I remember that day. I would remember that time that “Wow, the whaling was going to end.” Despite the millions of whales that have been killed, there has never been a known attack of a whale on a human. Imagine a world without war, revenge, or retaliation, one of forgiveness and compassion. I pondered the wisdom of whales, and I thought, what would it be like to look into the eyes of a whale.

So I created this painting of a gray whale’s eye. And then, in less than a year, on Christmas morning in 1999 while I was surfing a great spot down in Southern California, catching really fun waves, I paddled back out and sat on my board waiting for my next wave, a gray whale, 15 meters away from me, just 15 meters away, lifted its head up out of the water, like the periscope of a submarine, looking around and it looked at me, our eyes met, and I was just ecstatic; I was blown away. I had no fear at all.

This whale was so close to me, but I was just in awe. And then, the whale just went back underwater, and right next to it, another gray whale surfaced, raising its huge arching back out of the water and just going back underneath, and they disappeared. I knew how rare that experience was.

That’s very rare for whale, to come that close to a human in their own environment. So I felt I needed to look into it. What was going on with whales at that time? Little did I know that that experience was actually going to be changing my life. I found out that despite the moratorium when the whales were supposed to be protected in 1986, that they were still being killed. And numbers of up to over 1,800 whales were being killed every year.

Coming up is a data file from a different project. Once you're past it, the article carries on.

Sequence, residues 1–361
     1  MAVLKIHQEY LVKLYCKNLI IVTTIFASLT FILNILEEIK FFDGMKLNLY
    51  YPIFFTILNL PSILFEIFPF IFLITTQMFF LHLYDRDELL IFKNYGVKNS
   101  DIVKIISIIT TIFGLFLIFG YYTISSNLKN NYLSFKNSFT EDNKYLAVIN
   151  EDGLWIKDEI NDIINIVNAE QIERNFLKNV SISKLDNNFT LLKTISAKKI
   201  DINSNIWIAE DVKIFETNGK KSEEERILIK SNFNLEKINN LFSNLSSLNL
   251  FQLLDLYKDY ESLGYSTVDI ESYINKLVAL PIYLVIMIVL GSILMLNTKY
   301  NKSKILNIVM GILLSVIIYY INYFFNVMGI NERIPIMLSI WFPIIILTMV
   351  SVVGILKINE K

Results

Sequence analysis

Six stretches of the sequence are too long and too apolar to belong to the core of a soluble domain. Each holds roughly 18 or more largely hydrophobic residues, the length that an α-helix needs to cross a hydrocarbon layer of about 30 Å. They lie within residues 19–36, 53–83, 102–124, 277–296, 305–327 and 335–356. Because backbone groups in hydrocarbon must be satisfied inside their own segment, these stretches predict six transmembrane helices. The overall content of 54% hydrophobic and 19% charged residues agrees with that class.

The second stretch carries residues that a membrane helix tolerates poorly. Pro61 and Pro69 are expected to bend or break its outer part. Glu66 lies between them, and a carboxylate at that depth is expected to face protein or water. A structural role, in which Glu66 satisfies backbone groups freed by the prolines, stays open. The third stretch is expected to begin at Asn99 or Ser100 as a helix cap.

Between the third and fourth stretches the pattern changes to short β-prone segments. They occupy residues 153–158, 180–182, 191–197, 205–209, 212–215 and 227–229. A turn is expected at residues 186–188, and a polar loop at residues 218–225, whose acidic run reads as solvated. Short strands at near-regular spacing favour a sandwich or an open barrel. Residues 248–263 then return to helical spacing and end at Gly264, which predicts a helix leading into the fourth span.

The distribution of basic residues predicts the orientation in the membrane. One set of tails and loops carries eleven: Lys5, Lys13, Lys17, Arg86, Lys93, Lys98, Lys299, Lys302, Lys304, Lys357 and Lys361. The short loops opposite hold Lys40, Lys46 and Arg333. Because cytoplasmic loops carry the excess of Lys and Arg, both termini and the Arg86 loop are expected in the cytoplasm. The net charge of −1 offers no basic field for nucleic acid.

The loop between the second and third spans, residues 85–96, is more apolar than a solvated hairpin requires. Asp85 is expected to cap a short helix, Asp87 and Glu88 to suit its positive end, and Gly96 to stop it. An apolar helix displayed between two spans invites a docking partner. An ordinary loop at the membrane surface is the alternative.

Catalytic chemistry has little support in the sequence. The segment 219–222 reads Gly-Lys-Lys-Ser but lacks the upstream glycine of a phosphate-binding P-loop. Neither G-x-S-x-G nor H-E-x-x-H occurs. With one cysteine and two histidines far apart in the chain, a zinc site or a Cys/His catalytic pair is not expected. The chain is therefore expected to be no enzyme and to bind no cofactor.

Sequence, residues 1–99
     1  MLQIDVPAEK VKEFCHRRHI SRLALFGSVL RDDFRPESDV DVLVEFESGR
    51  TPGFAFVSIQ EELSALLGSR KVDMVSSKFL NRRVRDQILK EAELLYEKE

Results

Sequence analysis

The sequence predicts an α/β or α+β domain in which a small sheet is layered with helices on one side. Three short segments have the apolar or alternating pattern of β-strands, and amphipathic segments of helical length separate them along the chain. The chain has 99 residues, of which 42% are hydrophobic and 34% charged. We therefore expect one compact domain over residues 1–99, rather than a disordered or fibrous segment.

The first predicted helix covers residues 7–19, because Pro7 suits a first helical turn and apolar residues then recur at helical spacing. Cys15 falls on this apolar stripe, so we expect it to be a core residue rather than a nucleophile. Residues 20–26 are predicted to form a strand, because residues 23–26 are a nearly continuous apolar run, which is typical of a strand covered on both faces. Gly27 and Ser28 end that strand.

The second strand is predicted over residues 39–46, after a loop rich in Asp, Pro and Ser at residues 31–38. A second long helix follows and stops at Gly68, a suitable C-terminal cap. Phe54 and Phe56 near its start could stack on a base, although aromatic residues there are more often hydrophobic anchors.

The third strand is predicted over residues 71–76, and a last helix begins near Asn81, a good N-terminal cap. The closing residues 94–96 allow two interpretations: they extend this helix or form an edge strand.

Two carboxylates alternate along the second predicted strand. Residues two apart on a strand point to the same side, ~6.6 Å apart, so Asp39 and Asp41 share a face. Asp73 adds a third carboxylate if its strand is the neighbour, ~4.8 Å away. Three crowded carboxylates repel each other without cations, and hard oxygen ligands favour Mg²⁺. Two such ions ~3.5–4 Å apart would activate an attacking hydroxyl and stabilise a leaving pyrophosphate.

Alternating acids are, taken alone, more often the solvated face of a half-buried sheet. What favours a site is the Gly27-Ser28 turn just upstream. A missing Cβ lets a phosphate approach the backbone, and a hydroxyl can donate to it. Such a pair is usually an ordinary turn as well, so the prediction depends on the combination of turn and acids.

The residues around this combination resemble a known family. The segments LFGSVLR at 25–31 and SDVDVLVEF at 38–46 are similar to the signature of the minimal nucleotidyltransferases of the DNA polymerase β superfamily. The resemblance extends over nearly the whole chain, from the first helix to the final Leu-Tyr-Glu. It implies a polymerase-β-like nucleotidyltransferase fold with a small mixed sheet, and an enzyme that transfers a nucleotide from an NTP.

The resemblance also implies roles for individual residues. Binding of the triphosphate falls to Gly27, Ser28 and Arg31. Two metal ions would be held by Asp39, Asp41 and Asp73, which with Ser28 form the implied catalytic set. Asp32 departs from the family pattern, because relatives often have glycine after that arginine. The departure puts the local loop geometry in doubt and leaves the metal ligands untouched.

Between Norway’s commercial whaling activities and the scientific whaling of Japan, and Iceland recently joining in as well. In 2007, the Japanese government announced that they were going to Antarctica to kill 50 humpback whales. As an artist, I felt I needed to do something about it.

So I came up with an idea of painting a portrait series of 50 humpback whales based on photo-identification records of actual humpback whales sighted off of Antarctica. The markings on humpback whales are as unique as the fingerprints on a human.

These are sentient individual beings that I wanted to somehow help. So, I did this art series, which may have seemed a bit obsessive, I was wondering if people would think, “Oh, she’s really crazy.” But actually, the show was quite well-received, and I was really glad that I was able to do something like that.

I also tried to raise awareness and appreciation of Cetaceans by doing large paintings of them; such as for whales. This is an oil on board that is one and a half meters wide of a sperm whale fluke, and it is big, but a sperm whale is actually twice the size of that.

This particular painting caught the attention of the Santa Barbara Whale Festival organizer, who invited me to come up with children’s whale art activities at the Santa Barbara Whale Festival. So, I thought of origami whales.

What about a goal, something meaningful with this effort, OK 1,400 origami whales to represent the number of whales that was going to be killed in that year. It seemed like a huge endeavor, but the whale festival, we got children coming in, people of all ages folding origami whales.

We got halfway there and working with animal welfare organizations who posted information about my campaign on their websites. People from all over the country of the United States People from all over the world started sending me origami whales.

And I reached that goal, and then was provided the opportunity to present these whales to the International Whaling Commissioner of the United States. How am I going to bring these whales to Washington DC in the most visually impactful way? I’m not going to show up with two big plastic bags full of origami whales.